Research, documentation, and copyright

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asm6hackr
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Re: Research, documentation, and copyright

Post by asm6hackr »

Pokun wrote: Thu Feb 08, 2024 5:12 pm It was established earlier in this thread that emulators may even contain a leaked encryption key like Dolphin did. Partly because it is necessary to make it work in which case there is a copyright exception for it and partly because the key was questionably copyrightable in the first place (just a short string of random characters).

You own a copy of a game that you bought and can sell it if you want, but you don't own the copyright and can't make copies of it to sell nor can you steal its code or data for your own projects without the copyright holder's permission, the EULA might cover any licenses it uses.
@Pokun The problem is that anti-circumention laws prohibit decrypting encryption keys. Using a leaked encryption key is likely illegal as it was obviously not intended to be released, and it was for access control. Sadly, it doesn't matter if there was copyright infringement or not, using an leaked encryption key is illegal because of DMCA anti-circumvention laws (or outside the United States, most countries have anti-circumvention laws).

And sadly, no one will own games due to EULAs. I've mentioned again and again the quote that the software is licensed to you, not sold. And selling it would break contract laws mainly because: you didn't actually OWN the game, it was merely LICENSED to you.

Unfortunately, the Dolphin emulator might circumvent access control by decrypting an encryption key, regardless if it is copyrighted.
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segaloco
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Re: Research, documentation, and copyright

Post by segaloco »

I hate to disagree but asm6hacker I think you're looking way, wayyyy to deep into it. This level of investigation would almost certainly require legal counsel given the sort of details you're poking around in. Admittedly some of the conclusions you're jumping to make me uncomfortable with continuing this conversation because I don't want to mislead, I'm not a lawyer, and I don't want to lead you down some rabbit hole where you think my spitballing ideas is anything resembling legal counsel. For the record I disclaim that, I make no claims of being certified to know the letter of law, I'm just a guy throwing ideas around.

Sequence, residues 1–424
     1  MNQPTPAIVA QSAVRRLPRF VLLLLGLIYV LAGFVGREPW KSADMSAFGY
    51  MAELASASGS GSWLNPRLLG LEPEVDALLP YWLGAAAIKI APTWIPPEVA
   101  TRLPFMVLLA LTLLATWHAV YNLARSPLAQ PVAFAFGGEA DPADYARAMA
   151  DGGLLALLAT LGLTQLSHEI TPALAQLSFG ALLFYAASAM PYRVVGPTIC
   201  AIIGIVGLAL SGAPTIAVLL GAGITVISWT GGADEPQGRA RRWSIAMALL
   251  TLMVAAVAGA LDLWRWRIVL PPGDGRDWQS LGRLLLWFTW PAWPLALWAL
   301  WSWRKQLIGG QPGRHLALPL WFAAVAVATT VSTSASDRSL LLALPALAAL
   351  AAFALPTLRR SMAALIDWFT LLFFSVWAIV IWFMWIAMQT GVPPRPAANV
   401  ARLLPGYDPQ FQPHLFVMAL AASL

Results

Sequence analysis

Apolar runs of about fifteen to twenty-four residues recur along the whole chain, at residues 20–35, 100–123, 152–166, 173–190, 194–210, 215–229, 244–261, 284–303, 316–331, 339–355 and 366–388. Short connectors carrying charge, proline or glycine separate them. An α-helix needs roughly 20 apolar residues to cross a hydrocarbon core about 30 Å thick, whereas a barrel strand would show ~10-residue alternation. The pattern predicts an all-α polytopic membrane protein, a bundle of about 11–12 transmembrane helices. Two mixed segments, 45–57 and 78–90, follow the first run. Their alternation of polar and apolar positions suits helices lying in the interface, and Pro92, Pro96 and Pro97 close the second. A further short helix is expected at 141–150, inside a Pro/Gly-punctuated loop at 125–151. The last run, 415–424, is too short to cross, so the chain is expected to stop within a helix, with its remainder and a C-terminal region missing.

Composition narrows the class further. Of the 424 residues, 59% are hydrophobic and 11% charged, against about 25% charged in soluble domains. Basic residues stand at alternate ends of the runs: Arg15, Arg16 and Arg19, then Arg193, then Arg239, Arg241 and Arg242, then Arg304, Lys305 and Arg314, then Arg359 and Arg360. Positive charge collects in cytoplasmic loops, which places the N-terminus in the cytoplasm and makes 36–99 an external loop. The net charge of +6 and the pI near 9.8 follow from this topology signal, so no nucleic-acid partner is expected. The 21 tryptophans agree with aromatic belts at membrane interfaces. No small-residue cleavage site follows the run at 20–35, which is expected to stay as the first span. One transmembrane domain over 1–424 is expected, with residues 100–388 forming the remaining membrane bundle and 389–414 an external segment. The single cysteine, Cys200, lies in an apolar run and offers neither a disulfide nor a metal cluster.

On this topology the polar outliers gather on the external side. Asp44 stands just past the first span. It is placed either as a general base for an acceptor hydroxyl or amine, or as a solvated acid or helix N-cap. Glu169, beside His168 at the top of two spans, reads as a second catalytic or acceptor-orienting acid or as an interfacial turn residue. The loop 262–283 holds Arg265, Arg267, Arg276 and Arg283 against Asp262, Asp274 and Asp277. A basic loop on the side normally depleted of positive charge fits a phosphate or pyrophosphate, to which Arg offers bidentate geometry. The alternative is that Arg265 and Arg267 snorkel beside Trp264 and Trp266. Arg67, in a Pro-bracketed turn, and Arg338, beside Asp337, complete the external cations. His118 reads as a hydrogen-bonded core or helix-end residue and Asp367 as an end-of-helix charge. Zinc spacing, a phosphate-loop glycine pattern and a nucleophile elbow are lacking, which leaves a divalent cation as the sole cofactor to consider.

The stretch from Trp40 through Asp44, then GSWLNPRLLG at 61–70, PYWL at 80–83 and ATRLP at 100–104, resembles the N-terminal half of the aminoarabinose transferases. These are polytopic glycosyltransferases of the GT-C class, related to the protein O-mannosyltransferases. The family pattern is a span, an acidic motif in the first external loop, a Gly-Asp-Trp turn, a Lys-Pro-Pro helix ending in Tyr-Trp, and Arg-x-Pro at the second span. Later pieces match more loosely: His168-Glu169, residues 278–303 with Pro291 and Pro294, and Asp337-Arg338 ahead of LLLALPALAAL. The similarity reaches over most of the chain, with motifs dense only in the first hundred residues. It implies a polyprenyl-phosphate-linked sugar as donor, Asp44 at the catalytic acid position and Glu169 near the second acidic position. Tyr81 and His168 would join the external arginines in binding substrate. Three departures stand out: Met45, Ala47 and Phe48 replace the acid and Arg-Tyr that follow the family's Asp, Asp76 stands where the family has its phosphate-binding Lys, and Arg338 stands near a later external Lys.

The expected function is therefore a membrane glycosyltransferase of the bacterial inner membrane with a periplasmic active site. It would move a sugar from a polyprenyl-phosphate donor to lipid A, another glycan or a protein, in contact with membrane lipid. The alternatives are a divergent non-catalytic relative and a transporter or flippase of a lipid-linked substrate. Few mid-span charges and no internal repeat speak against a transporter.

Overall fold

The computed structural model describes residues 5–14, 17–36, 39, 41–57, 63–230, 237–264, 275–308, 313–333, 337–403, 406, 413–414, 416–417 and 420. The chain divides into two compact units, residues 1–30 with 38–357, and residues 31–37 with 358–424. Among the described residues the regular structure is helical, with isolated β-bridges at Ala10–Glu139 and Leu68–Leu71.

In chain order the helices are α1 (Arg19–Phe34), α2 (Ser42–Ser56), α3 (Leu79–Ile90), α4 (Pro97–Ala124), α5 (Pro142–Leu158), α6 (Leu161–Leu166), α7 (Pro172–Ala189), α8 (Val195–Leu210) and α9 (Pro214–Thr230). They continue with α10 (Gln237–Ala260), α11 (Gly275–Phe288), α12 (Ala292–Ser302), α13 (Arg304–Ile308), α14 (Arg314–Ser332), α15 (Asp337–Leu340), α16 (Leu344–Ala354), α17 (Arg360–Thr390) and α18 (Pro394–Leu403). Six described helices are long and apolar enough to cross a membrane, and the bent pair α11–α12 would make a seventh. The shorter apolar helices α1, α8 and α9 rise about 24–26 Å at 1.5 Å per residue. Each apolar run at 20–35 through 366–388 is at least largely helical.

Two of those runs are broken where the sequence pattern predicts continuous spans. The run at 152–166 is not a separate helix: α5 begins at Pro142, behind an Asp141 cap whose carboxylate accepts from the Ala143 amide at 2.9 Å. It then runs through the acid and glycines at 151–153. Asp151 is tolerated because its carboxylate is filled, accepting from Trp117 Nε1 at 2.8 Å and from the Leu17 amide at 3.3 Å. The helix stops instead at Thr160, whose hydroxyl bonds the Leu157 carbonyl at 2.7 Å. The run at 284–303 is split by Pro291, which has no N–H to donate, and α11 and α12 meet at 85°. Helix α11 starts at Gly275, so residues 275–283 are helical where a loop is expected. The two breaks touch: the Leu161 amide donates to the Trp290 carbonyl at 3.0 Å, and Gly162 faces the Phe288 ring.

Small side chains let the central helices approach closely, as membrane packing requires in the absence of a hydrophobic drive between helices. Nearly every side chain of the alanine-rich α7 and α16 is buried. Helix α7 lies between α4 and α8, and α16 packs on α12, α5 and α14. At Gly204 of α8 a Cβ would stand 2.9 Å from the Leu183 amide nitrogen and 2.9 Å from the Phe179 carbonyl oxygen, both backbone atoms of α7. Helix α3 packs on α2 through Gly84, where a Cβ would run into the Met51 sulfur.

Pokun
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Re: Research, documentation, and copyright

Post by Pokun »

Yeah we are all laymen here and the law systems also works different in different countries that we all come from.

Asm6hacker, if you read the link regarding Dolphin (and if we trust the words and law interpretation of the Dolphin crew that wrote it), the emulator and its use of the encryption key was never considered illegal and Nintendo never tried to challenge that (although they tried to sound like they did to sound more threatening), that was a misconception people had and the point of the article was to debunk that misconception. The article includes the relevant juridical paragraphs so you can check them to make your own interpretation.

And what do you mean that you can just slap an EULA to a physical copy of a game and suddenly the person that bought it doesn't own it? Where did the law ever work like that? If that's true why are people selling their used games to used game stores all over the world and all over the internet without getting caught for EULA breaching?

Downloaded games are a bit different, but that's mainly because there is no physical copy to own and resell, you only bought the right to download a copy to your device for the life of the download service. In some countries you may still legally be able to make backup copies for private use to prevent the games to disappear when the storage memory dies and many consoles allows to move (copy+delete) downloaded games to an SD card in encrypted form (so its still tied to the console it was downloaded on).

This is probably highly unregulated in many countries, but there must at least be some legal way to backup downloaded games if you are replacing a flash-ROM chip that is about to die on a console for example (for an old console that no longer has its repair service). Otherwise you may risk loosing data that you legally downloaded and can't repair the hardware that you legally own.
asm6hackr
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Re: Research, documentation, and copyright

Post by asm6hackr »

Pokun wrote: Fri Feb 09, 2024 12:56 pm And what do you mean that you can just slap an EULA to a physical copy of a game and suddenly the person that bought it doesn't own it? Where did the law ever work like that? If that's true why are people selling their used games to used game stores all over the world and all over the internet without getting caught for EULA breaching?

Downloaded games are a bit different, but that's mainly because there is no physical copy to own and resell, you only bought the right to download a copy to your device for the life of the download service. In some countries you may still legally be able to make backup copies for private use to prevent the games to disappear when the storage memory dies and many consoles allows to move (copy+delete) downloaded games to an SD card in encrypted form (so its still tied to the console it was downloaded on).

This is probably highly unregulated in many countries, but there must at least be some legal way to backup downloaded games if you are replacing a flash-ROM chip that is about to die on a console for example (for an old console that no longer has its repair service). Otherwise you may risk loosing data that you legally downloaded and can't repair the hardware that you legally own.